There is an urgent need for change in Ireland’s asylum system. As it currently stands, asylum seekers must wait in direct provision centres while their application for refugee status or subsidiary protection status is pending. Direct Provision was originally introduced as an emergency measure in 1999 and was only supposed to last for 6 months. Indeed, the reaction to this change from asylum seekers is observable - in 2000, there were 10,938 new applications, while in 2013, there were 946.
Currently, there are around 6,000 people living in Direct Provision accommodation centres. Because of the poorly structured application procedures, 59% of current applicants have been in this system for over three years and some have been there for over 6 years. The hardship of long periods of time living in Direct Provision is aggravated by the general poor standards of accommodation and lifestyle associated with these centres. The recent Economic and Social Research Institute report on Direct Provision notes a lack of privacy, overcrowding, a lack of facilities for children, and a lack of autonomy. The lack of autonomy with specific regard to food and the lack of exercise facilities mean that physical health problems are widespread. Mental health problems such as anxiety and depression are also common.
In fact, the Direct Provision procedure has received international condemnation. The Balseskin Reception Centre in Dublin has been condemned as inadequate for its conditions by the Council of Europe in a report on trafficking. Women and children who have been sexually exploited and abused are held in mixed gender centre, which may aggravate their trauma.
The matter was raised in the High Court of Northern Ireland in Belfast, where the concern applicants were asylum seekers who applied for asylum in the Republic of Ireland but subsequently travelled to Northern Ireland. Mr Justice Stephens noted the poor treatment asylum seekers in Ireland experience, in particular, the absence of permission to work, the low allowance and widespread health problems. He found that the conditions of the centres were contrary to the best interest of the child [In the Matter of an Application for Judicial Review by ALJ and A, B and C  NIQB 88(14 August 2013)].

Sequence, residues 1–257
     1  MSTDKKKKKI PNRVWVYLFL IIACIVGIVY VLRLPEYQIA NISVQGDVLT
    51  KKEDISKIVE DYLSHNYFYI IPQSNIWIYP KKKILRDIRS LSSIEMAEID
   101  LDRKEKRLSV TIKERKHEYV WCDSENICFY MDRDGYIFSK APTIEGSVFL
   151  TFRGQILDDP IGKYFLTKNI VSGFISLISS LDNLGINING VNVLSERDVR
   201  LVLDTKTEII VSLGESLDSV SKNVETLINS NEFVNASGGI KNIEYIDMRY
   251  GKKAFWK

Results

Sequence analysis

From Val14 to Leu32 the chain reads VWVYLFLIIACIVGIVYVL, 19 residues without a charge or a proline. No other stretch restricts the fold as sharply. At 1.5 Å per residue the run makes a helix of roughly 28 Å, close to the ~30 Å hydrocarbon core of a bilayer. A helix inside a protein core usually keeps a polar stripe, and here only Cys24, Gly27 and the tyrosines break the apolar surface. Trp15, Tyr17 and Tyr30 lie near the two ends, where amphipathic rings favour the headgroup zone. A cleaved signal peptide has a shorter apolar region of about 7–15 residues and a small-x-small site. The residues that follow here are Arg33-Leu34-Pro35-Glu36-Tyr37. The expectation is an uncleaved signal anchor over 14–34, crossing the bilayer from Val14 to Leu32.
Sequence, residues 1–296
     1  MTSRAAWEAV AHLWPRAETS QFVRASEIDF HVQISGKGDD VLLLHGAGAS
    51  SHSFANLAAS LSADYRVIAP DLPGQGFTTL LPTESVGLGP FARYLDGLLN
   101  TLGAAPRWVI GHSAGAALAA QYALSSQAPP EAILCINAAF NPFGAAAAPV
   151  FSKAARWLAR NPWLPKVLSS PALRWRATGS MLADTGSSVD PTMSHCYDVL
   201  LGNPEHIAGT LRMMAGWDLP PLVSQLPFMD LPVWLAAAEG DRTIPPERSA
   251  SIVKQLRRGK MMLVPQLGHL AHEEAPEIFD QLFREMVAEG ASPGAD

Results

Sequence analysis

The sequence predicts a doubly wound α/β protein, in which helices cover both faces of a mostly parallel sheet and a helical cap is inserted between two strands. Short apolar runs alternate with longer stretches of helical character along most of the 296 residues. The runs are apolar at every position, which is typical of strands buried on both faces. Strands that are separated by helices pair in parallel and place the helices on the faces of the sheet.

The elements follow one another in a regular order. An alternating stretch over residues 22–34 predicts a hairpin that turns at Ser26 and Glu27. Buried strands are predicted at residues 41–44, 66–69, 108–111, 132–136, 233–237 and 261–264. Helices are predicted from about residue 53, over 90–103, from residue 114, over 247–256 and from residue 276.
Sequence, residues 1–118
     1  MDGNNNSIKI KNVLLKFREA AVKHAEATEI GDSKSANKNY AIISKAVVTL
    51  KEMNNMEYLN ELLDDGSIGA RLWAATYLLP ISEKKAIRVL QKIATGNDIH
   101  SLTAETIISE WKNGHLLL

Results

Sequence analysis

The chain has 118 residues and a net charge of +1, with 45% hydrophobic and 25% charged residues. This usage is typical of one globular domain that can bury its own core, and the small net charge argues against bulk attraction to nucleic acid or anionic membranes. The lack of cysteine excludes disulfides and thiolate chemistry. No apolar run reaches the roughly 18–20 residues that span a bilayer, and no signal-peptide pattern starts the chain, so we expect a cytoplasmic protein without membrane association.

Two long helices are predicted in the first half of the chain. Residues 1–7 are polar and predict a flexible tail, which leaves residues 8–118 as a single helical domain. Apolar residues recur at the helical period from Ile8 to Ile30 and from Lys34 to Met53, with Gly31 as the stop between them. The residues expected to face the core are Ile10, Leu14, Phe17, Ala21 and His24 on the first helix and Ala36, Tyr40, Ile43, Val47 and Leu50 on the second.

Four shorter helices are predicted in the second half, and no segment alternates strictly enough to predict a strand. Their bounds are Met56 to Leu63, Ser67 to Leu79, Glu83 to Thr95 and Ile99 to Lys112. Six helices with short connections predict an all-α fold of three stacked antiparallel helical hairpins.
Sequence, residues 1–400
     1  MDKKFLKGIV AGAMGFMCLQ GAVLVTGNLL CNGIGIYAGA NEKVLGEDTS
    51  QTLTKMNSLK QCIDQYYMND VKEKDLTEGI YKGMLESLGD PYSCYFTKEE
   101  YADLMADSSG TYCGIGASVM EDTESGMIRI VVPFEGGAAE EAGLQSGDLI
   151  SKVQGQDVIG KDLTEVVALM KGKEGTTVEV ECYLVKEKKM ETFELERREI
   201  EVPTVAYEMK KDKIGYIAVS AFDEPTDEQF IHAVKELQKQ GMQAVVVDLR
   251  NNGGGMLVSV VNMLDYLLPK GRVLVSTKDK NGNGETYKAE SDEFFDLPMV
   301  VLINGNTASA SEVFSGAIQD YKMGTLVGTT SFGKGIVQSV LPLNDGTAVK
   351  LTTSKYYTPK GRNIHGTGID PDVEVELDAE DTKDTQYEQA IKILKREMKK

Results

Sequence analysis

Can change happen?
It seems as the government are satisfied with the poor standards associated with Direct Provision centres, as it operates as a deterrent to asylum seekers who may wish to claim refuge in Ireland. Fine Gael TD Charlie Flanagan said during Prime Time in January that it should be ensured “that Ireland is not an attractive place for applicants”, so the State would not become overburdened. Elsewhere, the Former Minister for Justice Alan Shatter has also defended direct provision on cost grounds.
Thus, it is clear that if an alternative system were going to be considered by the government, it would have to be equally economical or even cheaper. While the €19.10 per adult and €9.60 per child is easy to calculate, it is harder to put a monetary value on the mental health issues that asylum seekers experience resulting from the lack of autonomy in the centres, or perhaps the insensitivity to victims of gendered crimes. This sanctioned ill-treatment of those who have not committed any crimes and who have already suffered enormously can no longer continue and be justified on cost effectiveness grounds. The government needs to be conscious of what legacy it wishes to leave behind on its treatment of asylum seekers.